The rationality of the agents, in other words, can be an obstacle to imputing motives to them. This is turning a standard argument on its head. Donald Davidson has argued, notably, that we cannot impute motives or beliefs to an agent unless we assume that he or she is by and large rational. The discrepancy may be explained by Davidson’s explicit stipulation that the agent to be interpreted states his motives and beliefs “honestly.” When trying to spell out the conditions for interpreting behavior, he assumed that the agents are not trying to deceive the interpreter. Strictly speaking, of course, social actors are usually not trying to fool the historian or the social scientist, but other actors to whom they stand in conflictual or potentially conflictual relations. Yet the historian, in particular, may not have much evidence beyond words or acts that may, for all he or she knows, have been produced for the purpose of inducing false beliefs about motives in contemporaries. Often, the situation will be that of a “pooling equilibrium” or “cheap-talk equilibrium” in which sincere and insincere professions coincide.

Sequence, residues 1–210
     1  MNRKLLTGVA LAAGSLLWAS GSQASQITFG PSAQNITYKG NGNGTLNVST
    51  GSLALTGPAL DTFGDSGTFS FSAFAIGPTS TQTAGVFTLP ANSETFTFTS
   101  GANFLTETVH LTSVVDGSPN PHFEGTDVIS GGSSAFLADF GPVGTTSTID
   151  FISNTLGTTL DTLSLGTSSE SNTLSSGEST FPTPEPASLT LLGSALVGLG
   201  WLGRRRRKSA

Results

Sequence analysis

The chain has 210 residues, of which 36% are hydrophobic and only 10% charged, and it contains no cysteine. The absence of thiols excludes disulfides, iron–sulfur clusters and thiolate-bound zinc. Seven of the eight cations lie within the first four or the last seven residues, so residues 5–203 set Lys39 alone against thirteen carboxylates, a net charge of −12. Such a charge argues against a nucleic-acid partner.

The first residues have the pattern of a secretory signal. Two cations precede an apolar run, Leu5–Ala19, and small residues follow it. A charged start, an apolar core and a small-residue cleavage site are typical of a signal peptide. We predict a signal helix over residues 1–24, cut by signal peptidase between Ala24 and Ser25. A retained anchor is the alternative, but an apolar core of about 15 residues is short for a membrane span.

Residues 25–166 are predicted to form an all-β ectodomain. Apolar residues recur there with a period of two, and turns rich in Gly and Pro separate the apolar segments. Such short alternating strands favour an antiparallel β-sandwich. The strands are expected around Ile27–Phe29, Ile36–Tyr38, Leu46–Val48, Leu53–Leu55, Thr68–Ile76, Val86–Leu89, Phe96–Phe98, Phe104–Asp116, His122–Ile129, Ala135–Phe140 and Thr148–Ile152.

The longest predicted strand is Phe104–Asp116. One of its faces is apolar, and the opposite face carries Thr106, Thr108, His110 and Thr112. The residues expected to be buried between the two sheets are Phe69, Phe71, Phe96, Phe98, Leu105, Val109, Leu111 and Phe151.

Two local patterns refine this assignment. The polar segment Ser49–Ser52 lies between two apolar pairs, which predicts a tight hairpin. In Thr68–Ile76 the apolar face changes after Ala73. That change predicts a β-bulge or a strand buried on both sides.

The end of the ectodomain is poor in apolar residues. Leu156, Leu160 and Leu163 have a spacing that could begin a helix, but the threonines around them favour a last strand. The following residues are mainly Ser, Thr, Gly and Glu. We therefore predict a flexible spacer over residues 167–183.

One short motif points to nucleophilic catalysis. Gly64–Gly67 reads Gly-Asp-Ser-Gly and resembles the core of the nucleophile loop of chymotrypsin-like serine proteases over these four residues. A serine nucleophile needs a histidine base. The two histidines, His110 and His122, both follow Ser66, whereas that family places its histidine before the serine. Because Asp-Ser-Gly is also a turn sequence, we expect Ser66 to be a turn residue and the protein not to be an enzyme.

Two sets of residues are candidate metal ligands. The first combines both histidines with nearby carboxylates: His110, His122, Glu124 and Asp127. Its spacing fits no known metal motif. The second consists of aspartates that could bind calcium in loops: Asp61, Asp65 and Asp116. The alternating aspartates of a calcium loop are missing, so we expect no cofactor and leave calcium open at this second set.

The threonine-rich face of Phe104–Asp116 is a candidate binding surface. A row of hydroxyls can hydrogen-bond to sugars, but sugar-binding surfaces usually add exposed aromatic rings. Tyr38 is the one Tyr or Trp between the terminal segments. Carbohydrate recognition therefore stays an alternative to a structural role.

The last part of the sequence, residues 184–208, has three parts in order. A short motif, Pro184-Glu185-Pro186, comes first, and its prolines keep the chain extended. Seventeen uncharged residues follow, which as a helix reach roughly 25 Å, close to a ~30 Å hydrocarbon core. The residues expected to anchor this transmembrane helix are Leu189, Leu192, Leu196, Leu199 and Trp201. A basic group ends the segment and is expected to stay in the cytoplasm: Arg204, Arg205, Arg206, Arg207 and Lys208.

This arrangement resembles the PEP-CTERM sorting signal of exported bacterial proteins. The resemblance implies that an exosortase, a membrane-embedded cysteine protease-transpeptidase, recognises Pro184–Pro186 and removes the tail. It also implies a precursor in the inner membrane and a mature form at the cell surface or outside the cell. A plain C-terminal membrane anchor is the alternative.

Before I proceed it may be useful to distinguish two dimensions of sincere motivations: strength and depth. Strength is measured by the sacrifices an agent is willing to make of other interests in order to satisfy the motive in question, and depth by the stability of the motive over time. The two often go together, but need not. The fanatical Communist may become an equally fanatical anti-Communist, being willing to sacrifice a great deal in either situation. Conversely, a person may be a steady churchgoer but donate little when the collection box comes around. The extreme of insincere motivation is represented by the person who is willing to profess instant loyalty to any cause if it serves his or her interest but is not ready to sacrifice anything to it.